Summary:

In step 1 you have learned what a fraction is and especially the meaning of the fraction bar:"divided by".

In step 2 you have learned that by calculating this division you get a number which corresponds to the value of the fraction. So you can say that a fraction is a number. The set of all fractions forms the set of Rational Numbers, the set of Natural Numbers is contained in it.

Conversely, every number can also be represented as a fraction - and not only that: it can be represented as a fraction in an infinite number of ways!

In order to represent the same fraction in different ways, you need the tools Expand and Simplify/Reduce (sometimes some other small tools). That is what you will learn in this chapter:


Page 1: Expanding fractions

Expand a fraction by multiplying the numerator and the denominator with the same number. The value of the fraction does not change!

Here you can find Page 1: Expanding Fractions


Page 2: Simplifying/Reducing fractions

Symplify or reduce a fraction by dividing the numerator and the denominator by the same number. The value of the fraction does not change!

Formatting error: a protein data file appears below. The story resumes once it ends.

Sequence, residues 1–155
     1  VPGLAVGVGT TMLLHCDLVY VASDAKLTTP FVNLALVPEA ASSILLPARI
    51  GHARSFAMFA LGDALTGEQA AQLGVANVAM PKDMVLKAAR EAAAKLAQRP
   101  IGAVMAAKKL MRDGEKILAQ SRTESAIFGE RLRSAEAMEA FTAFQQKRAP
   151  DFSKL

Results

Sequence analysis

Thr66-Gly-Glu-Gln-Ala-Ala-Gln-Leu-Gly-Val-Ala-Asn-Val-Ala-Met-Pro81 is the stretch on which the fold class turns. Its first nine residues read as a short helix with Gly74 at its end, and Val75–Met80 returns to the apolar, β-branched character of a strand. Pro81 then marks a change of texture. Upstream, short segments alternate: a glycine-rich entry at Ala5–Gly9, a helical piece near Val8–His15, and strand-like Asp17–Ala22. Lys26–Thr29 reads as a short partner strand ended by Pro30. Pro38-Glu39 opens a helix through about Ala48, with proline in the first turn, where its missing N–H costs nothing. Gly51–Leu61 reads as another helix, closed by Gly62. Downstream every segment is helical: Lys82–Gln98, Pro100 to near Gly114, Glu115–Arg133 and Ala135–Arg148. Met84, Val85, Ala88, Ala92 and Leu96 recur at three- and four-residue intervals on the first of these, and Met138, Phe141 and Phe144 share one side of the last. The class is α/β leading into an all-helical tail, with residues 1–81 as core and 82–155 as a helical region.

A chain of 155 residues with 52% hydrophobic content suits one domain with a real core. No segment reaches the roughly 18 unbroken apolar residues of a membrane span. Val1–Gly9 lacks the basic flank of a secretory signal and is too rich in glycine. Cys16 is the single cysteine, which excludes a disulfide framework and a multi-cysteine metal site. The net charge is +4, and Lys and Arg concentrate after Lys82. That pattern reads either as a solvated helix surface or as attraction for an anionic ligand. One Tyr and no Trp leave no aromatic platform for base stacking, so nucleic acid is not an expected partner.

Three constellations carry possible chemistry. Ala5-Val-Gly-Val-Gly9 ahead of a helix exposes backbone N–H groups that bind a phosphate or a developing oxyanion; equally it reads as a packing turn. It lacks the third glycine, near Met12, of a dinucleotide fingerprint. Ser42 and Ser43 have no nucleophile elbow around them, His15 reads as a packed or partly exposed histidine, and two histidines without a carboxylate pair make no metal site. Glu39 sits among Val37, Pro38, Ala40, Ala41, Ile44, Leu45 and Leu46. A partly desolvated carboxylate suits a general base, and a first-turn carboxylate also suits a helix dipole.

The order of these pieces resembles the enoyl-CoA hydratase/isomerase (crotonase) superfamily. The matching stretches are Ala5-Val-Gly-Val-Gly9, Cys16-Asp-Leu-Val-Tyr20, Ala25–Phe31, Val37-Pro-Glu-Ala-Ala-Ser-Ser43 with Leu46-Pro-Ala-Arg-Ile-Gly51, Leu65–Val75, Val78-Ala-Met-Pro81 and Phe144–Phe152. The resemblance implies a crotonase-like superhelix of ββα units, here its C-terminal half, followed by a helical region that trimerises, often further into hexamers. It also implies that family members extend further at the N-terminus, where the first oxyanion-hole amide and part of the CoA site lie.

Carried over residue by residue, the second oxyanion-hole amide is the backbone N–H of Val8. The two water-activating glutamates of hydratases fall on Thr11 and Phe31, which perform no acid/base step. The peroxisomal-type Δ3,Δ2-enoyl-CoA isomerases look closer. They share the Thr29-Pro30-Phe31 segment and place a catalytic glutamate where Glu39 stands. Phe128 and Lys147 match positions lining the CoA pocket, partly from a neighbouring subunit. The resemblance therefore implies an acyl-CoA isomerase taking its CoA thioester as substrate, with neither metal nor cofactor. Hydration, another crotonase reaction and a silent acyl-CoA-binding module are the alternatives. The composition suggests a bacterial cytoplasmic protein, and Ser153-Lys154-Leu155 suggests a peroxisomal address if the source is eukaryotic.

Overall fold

Here you can find Page 2: Simplifying/Reducing fractions


Page 3: Prime Factorization

A prime number exactly has 2 factors: 1 and itself. The number 1 is not a prime number, since its only factor is 1.
Life is much easier if you memorize at least the first prime numbers: 2, 3, 5, 7, 11, 13, 17, 19 ...

The numbers used for multiplication are called factors. The result is called product:

Factor * Factor = Product

If all factors are prime numbers then they are called prime factors.

Prime Factorization means to disassemble a number into its prime factors.

Here you can find Page 3: Prime Factorization


Page 4: Greatest Common Divisor (GCD)

The Greatest Common Divisor (GCD) of two numbers A and B is the greatest factor that is common for A and B. One way to calculate the GCD works with prime factorization.

If you simplify a fraction with the GCD of its numerator and denominator, you can reduce it directly to a Lowest Terms Fraction.

Here you can find Page 4: Greatest Common Divisor (GCD)


Page 5: Least Common Multiple (LCM)

The Least Common Multiple (LCM) of two numbers A and B is the lowest number that is divisible by A and B. One way to calculate the LCM works with prime factorization.

You need the Least Common Multiple (LCM) to find the Common Denominator of two fractions.

Here you can find Page 5: Least Common Multiple (LCM)


Page 6: Common Denominator

Here you can find Page 6: Common Denominator


Let's continue with: "Expanding fractions"